Whitmire Property topic of special called meeting

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Deena C. Bouknight – Contributing Writer

Town planner Justin Setser brought visuals of the Whitmire property to a special-called Town of Franklin Council meeting on Aug. 31.

The Town of Franklin has owned what is known as the Whitmire property since 2004.  For many years, town officials have transpired to determine a use for the 12.71 acre tract at 15 First Street. For the last few years, portions of the property have been used for individuals to play disc golf, and more recently a portion of the land was set aside for a future skate park. However, a special-called meeting of the Town of Franklin Town Council convened on Tuesday, Aug. 30, in the Town Hall Board Room, to generate additional thoughts and ideas regarding potential future uses of the Whitmire property. 

At the meeting’s outset, Mayor Jack Horton asked long-time council member Joe Collins to provide the board and meeting attendees with historical background about the Whitmire Property. Collins explained that the property, which originally included an early 1900s-built home, was purchased from the Whitmire family, long-time Franklin   residents. (Western Carolina University’s football stadium is named for E.J. Whitmire.) The initial plan for the property was to build a town hall, police department, and public works facility. However, advice from planning experts at the time focused on locating such services downtown instead on the outskirts of town. Thus, the basement at Town Hall at 95 N.E. Main Street, which had previously housed the police department, was renovated to accommodate Town Council meetings, etc. The police department was relocated to Palmer Street, and the Whitmire property sat vacant. 

In 2018, a thorough study was completed to “collect and view current plans, strategies, and project information related to community and areawide economic development initiatives…” related to the property. Various mixed uses were considered, taking into consideration the property’s flood plain,  proximity to the Little Tennessee River, and flat spaces. 

After Collins provided some background, Mayor Horton asked each council member to share thoughts on what he or she envisioned would be the best use for the Whitmire property. 

“The town has a nice piece of property that is already equipped with water, sewer, and natural gas,” he said. “So what do we want to do with it?  What’s a good public use for it? The board has been wrestling with what to do with this asset – to make it beneficial for the people in this jurisdiction…taxpayers who paid for this property.” 

Town planner Justin Setzer shared posterboard images of the property with the council to remind each member about the dimensions, and other information and he also pointed out that the property is currently zoned all commercial: C2.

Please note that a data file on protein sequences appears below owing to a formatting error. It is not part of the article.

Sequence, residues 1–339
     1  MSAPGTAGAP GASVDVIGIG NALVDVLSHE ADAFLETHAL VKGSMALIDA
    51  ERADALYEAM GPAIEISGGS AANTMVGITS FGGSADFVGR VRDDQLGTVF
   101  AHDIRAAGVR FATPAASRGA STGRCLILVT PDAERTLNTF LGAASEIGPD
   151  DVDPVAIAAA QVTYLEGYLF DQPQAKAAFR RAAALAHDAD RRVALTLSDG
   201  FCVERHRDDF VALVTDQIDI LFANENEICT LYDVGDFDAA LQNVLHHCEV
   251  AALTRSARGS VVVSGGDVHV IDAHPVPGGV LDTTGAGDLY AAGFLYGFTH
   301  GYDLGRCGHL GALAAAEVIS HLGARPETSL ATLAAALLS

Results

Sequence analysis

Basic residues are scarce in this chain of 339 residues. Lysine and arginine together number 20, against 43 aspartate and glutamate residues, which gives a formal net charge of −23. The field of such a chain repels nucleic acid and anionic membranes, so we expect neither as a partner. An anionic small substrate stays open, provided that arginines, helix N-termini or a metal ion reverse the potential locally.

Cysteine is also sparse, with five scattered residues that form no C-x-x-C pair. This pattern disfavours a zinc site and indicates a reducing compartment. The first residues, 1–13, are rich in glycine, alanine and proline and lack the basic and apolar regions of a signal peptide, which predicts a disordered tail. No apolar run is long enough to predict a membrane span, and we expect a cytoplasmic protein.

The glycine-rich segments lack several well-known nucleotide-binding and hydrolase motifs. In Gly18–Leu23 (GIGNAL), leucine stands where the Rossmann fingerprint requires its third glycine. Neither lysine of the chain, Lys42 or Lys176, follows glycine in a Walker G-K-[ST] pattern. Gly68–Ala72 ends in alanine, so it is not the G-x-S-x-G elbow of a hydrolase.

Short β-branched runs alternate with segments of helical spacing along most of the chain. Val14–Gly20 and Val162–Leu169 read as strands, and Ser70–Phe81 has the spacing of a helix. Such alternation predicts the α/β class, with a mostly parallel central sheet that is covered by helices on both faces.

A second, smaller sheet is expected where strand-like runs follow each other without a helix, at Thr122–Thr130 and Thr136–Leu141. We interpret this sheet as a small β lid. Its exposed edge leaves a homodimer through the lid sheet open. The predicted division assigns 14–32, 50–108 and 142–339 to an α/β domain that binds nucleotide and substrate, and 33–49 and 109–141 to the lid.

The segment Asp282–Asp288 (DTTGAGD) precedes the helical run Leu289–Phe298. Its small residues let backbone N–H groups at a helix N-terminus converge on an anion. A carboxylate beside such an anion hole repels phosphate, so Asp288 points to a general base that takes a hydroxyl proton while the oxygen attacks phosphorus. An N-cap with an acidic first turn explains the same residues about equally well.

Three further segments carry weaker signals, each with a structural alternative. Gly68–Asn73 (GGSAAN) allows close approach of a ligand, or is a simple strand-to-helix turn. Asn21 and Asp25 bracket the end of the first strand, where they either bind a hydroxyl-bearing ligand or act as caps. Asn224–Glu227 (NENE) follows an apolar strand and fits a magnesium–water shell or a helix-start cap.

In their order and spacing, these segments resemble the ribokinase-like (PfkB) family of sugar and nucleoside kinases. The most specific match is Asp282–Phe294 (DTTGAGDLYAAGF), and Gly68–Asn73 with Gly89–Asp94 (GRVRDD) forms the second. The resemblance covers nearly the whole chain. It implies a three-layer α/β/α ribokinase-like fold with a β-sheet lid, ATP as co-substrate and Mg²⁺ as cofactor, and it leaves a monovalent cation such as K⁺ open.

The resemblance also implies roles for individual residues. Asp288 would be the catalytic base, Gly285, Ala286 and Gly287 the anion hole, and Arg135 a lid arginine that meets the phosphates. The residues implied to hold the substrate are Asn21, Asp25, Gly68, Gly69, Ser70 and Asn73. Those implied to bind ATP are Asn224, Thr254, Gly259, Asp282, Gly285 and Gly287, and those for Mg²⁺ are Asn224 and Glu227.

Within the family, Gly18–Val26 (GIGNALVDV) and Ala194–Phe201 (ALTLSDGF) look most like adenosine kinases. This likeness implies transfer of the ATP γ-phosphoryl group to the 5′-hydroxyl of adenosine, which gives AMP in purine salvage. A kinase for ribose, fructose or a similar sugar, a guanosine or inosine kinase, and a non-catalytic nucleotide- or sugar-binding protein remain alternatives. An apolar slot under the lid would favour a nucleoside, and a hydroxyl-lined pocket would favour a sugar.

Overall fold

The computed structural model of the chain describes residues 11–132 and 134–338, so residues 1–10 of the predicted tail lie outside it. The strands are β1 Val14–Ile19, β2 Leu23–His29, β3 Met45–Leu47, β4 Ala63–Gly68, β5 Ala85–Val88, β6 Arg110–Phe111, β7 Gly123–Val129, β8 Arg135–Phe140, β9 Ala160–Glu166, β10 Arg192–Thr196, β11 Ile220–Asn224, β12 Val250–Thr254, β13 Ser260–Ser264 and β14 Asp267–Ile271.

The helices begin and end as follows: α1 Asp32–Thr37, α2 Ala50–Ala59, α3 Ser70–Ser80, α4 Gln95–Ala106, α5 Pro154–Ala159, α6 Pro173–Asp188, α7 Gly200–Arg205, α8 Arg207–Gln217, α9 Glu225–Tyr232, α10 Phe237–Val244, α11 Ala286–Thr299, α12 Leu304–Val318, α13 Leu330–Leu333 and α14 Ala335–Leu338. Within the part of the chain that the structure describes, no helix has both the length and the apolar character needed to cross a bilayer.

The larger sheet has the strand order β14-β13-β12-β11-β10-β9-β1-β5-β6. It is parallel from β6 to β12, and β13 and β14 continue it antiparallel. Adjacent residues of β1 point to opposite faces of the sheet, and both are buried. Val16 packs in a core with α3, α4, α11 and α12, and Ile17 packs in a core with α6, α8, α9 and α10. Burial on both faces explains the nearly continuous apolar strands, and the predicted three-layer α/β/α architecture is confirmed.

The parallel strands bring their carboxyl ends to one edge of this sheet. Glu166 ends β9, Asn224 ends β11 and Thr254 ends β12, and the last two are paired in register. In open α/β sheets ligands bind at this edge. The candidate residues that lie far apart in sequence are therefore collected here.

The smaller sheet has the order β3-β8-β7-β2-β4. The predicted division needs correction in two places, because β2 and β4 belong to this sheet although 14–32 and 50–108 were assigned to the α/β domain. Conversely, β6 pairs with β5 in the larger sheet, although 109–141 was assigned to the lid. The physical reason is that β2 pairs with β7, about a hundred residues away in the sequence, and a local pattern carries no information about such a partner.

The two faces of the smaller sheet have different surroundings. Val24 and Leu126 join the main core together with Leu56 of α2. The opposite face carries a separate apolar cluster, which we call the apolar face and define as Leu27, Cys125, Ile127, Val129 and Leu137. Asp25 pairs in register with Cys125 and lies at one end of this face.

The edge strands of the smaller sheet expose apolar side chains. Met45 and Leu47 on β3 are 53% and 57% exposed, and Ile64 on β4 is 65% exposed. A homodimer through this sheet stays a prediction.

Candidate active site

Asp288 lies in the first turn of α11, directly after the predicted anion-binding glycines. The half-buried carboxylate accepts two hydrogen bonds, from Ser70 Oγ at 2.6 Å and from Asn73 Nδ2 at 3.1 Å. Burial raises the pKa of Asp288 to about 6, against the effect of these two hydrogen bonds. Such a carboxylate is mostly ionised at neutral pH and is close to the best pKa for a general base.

Each council member shared input, ranging from mixed use to recreation/entertainment to residential. David Culpepper offered, “The Whitmire property is why I got involved as a member of council. I approached the town about a bicycle pump track on the property and then I became a council member after that. I felt then and I feel now that until we invest in the youth with outdoor recreational opportunities, we will not see problems with our youth cease to exist.” Culpepper added that when youth are not interested in athletics, and instead might be interested in cycling, skateboarding, roller skating, rock climbing, and more, they have not had a place in town to gather with peers to participate in such activities. “We’re not going to grow as a town if we don’t take care of our kids.”

“I agree with David,” said Adam Kimsey. “I think using the property for recreation is a good option.”

“Most importantly, I would like to stop the can from rolling down the road,” said Stacey Guffey. “We’ve had long enough to think about what to do with this property. After we decided to allow the skate park to be there, I now see the value of a recreation complex that includes other opportunities.”

Rita Salain said, “It’s a beautiful piece of property and I think it was smart for the council to purchase it, but I’m convinced mix use development is the way we should go. Studies show over and over again that we don’t have enough housing in Macon County.” 

Collins indicated he would like to see an amphitheater, possibly for outdoor concerts, Shakespeare and other plays, as well as a pavilion built in the “open green space.”

Mayor Horton brought up that before anything might be constructed at the Whitmire property, an archeological study may be necessary. “There’s a high probability that there could be Cherokee artifacts since this area was populated by Cherokee.” In addition, the Whitmire property is just across the Little Tennessee River from the Nikwasi Mound.

All in all, the council agreed that Town Manager Amie Owens and staff could work on bringing ideas forward and establish a preliminary plan that focused on three potential use priorities for the Whitmire property: recreational, entertainment, and housing. Stacy Guffey made an official motion and it was approved. 

The council also agreed to explore opportunities to work with the Macon County Board of Commissioners on future plans for the Whitmire property. 

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